2. If you already know that you’re sensitive to gluten then realize that you must be perfect about removing it from your diet. Being good “most of the time” is just not enough.
3. If you have not had a comprehensive stool analysis to check for the presence of infectious organisms this really is something you should look into. As was mentioned in an earlier post, it is rare that a gluten sensitive individual DOESN’T have some type of infection due to years and years of assault on the immune system from eating gluten.
4. Get an idea of how your adrenal glands are functioning. We're not talking about adrenal gland disease which is very serious, but rather adrenal fatigue or exhaustion which is quite common. There will be an upcoming post specifically on the adrenal glands soon but suffice to say adrenal fatigue is very associated with malabsorption of nutrients which as you know is definitely an effect of being gluten sensitive. The good news is that with some natural nutrition and lifestyle management, adrenal function is not difficult to restore.
5. Lastly if you’ve already done all of the above and still don’t have the flat tummy you desire, you most likely are suffering from a “leaky gut” which needs some extra support to get completely healed. This support could come in the form of strong probiotics, the amino acid glutamine (not to be taken until you’re assured of not having an infection, however) or a medication called ketotifen which has a local effect to reduce irritation in the gut. This last medication would only be used for a short period of time.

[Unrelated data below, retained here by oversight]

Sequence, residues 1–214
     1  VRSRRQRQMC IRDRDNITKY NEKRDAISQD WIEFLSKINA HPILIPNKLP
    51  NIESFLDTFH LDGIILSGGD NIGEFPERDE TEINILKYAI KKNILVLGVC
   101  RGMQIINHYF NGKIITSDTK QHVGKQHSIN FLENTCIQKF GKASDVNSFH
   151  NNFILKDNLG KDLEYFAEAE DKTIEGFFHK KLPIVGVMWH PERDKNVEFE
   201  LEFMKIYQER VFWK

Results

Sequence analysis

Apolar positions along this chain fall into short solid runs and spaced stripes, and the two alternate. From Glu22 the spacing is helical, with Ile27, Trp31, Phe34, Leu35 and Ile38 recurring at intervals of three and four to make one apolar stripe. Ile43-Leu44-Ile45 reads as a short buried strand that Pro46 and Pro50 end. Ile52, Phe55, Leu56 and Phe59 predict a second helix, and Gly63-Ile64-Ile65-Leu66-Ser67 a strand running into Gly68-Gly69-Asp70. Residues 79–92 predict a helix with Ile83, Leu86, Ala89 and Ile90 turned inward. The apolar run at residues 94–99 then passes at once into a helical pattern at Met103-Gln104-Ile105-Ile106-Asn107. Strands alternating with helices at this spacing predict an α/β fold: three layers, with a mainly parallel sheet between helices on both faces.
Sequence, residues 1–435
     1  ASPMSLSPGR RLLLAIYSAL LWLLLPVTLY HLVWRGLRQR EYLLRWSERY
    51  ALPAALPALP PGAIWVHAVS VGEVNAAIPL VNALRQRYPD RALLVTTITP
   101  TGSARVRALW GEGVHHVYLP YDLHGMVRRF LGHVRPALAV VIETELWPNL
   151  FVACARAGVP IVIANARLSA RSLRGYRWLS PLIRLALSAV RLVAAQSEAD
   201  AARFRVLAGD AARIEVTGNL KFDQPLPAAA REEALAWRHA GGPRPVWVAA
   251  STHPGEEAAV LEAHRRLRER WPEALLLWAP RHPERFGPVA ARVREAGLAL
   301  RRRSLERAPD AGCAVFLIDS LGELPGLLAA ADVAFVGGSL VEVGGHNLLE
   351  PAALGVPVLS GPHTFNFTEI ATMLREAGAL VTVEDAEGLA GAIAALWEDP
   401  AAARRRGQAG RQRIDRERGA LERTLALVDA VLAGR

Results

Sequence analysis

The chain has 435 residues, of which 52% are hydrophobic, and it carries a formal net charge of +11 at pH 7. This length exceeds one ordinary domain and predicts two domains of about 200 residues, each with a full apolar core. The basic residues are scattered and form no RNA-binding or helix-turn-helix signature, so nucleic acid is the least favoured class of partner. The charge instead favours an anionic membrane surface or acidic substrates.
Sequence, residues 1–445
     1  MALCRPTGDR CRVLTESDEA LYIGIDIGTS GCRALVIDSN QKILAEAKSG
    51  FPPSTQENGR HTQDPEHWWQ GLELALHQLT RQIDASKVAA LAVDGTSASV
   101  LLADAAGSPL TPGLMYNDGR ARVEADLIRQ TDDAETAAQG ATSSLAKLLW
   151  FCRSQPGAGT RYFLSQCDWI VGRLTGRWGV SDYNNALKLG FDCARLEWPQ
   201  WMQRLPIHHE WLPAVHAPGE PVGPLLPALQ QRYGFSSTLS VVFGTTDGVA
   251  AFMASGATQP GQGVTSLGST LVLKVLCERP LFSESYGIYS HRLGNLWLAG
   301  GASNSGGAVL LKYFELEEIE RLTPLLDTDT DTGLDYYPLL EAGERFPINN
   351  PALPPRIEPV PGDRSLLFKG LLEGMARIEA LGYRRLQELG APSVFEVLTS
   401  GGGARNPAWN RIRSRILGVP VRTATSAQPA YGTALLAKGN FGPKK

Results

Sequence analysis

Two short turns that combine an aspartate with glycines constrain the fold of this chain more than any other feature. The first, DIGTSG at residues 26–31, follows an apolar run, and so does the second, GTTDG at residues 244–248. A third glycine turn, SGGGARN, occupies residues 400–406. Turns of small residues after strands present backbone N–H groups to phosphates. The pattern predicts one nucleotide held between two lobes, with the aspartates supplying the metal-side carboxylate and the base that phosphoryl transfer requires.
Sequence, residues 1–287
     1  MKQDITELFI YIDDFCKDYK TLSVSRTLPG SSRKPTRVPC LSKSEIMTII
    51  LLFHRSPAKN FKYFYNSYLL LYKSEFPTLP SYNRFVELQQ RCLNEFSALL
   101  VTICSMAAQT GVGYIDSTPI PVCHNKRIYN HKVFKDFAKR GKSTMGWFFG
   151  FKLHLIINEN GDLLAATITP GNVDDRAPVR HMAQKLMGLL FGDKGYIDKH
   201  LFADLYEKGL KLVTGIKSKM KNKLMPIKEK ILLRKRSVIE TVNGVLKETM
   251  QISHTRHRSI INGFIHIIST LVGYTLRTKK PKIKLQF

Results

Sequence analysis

I hope this is helpful.

Happy 2009! Our book “The Gluten Effect” will be out next month and it is one of our new year’s resolutions to have gluten sensitivity "come out of the closet” this year and be recognized for how common and hazardous it is to millions of people's health.

To your good health,

Dr Vikki Petersen


Anne said...

No matter what weight I was, I always had a big tummy. Gas and bloating was a problem for me until I stopped eating gluten. I lost about 10 lbs and still did not have a waist.

About 6 months ago I started eating based on my 1 and 2 hour glucose readings with a glucometer. I stopped eating the foods that spiked my blood sugar. About 20 lbs disappeared and I now have a waist. I went from size 12 to size 6. My waist is 30 - still too big, but better than what it was. How do carbs affect the adrenals?

I look forward to getting your book.

Anonymous said...

Dr. Petersen,